What Does a University Owe Democracy? 大學欠民主一個保護學術勇氣的文化
Last November, Dorian Abbot, a geophysicist at the University of Chicago, posted a series of slide presentations on YouTube making a case against the use of group identity as a primary criterion in selection processes. He was immediately targeted for cancellation.
Then, in August, Abbot and a co-writer published an op-ed in Newsweek making the case that diversity, equity and inclusion policies violate "the ethical and legal principle of equal treatment." It led to another cancellation campaign, this time in protest of his invitation to deliver the prestigious Carlson Lecture at the Massachusetts Institute of Technology, where he was going to speak about "Climate and the Potential for Life on Other Planets."
This time, the campaign worked. As Abbot has detailed, a department chair called to tell him the school would be canceling the lecture "in order to avoid controversy."
The two episodes are a stark illustration of the difference between the culture of intellectual courage nurtured by Zimmer and the Coward Culture at work at MIT and other institutions ostensibly invested in the cause of free expression.
It's also a reminder that our universities are failing at the task of educating students in the habits of a free mind. Instead, they are becoming islands of illiberal ideology and factories of moral certitude, more often at war with the values of liberal democracy than in their service.
I've been thinking about all this while reading "What Universities Owe Democracy" by Johns Hopkins University's president, Ronald Daniels.
Daniels' core point is that, at their best, universities serve as escalators for social mobility, educators for democratic citizenship, stewards of fact and expertise, and forums for "purposeful pluralism" — the expression and contest of ideas.
Courage isn't a virtue that's easily taught, especially in universities, but sometimes it can be modeled. After Abbot's talk was canceled at MIT, conservative Princeton University professor Robert George offered to host the lecture instead.
Courage begins with de-cancellation. Wisdom, thanks to books such as Daniels', can then take wing.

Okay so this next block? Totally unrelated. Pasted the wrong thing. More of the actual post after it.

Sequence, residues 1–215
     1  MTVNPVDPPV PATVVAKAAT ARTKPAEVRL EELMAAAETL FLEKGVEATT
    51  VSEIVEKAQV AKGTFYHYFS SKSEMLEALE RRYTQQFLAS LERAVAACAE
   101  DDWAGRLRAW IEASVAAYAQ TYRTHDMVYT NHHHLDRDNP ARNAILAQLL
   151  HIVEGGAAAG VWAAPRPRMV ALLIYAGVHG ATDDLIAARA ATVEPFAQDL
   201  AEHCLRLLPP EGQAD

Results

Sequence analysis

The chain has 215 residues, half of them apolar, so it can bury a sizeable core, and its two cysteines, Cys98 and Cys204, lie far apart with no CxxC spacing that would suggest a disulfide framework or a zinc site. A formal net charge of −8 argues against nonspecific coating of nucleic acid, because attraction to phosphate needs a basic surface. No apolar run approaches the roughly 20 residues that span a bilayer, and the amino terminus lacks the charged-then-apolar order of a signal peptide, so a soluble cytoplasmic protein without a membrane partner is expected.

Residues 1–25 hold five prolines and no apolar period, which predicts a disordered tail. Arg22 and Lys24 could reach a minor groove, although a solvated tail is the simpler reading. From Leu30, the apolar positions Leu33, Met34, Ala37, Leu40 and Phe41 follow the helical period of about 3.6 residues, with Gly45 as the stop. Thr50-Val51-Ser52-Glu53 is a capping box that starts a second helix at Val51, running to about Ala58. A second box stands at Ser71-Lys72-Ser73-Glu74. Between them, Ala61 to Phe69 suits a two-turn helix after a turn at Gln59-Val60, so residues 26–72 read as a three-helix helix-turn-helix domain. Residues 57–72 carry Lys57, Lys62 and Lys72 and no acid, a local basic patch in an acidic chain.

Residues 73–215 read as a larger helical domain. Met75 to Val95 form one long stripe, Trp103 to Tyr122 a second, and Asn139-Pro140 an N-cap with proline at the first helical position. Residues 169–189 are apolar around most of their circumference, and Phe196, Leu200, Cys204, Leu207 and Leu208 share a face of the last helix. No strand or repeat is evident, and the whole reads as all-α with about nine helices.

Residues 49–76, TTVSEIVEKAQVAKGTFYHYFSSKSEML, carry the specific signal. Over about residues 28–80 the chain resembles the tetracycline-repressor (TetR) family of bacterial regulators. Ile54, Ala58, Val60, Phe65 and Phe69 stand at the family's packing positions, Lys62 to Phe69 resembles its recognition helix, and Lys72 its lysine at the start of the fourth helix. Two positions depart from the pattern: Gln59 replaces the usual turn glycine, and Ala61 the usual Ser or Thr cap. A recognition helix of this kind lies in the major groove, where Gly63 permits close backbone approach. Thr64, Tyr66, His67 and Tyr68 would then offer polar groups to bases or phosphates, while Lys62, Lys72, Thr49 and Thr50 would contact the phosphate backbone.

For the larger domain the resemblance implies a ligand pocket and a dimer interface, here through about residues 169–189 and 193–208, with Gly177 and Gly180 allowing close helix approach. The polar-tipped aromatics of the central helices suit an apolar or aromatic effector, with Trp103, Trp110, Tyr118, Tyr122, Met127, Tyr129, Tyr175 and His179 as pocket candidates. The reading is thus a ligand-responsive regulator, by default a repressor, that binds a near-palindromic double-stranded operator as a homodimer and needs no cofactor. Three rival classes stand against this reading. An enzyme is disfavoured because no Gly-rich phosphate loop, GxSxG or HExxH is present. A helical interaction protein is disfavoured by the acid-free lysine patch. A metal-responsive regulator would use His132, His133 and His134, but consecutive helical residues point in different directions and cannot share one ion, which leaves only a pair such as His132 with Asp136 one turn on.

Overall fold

Turning Pay Walls Into Welcome Mats 這些網站要付費 讀者照樣埋單
You had to pay to get in.
Roughly 250 people paid $15 or $20 apiece to attend a party hosted by the staff of Defector, a subscription website started a year ago by journalists who had quit (or were fired from) the sports news site Deadspin after refusing to heed a request from their bosses that they "stick to sports."
The party guests were accustomed to paying. They were Defector subscribers, for the most part, meaning they had paid $79 for a year's subscription, allowing them to get past a strict paywall to read articles like "What 1993 Video Game Tony La Russa Taught Me About Baseball" and "Please, I Am Begging You, Stop Putting the Giants in Primetime."
In charging for access to its website, Defector differs from its predecessor, Deadspin, which belongs to a digital-media generation that gives readers free access and tries to make money by selling ads.
It remains a challenge for online publications to persuade readers to pay, and it's perhaps more difficult to get them to pay again after the initial subscription. Defector is optimistic that it will hang on to its fan base as it heads into its second year.
Print newspapers charged readers for a century, and readers never questioned the idea that they would have to pay for journalism. The first generations of online-only news sites, eager to build their audiences by pulling readers away from old habits, offered up their work free of charge.
The Daily Memphian, a nonprofit news site in Memphis, Tennessee, is also part of the wave, with readers contributing the bulk of its revenue. It started in 2018 in response to the shrinking of the local newspaper, The Commercial Appeal. Nearly 17,000 subscribers pay $99 per year (or $12.99 per month) for The Memphian, and they have renewed their subscriptions at a rate of 90%, said Eric Barnes, the publication's CEO. Ad sales, sponsorships and donations cover the rest of a $5 million annual budget that supports a newsroom of 38.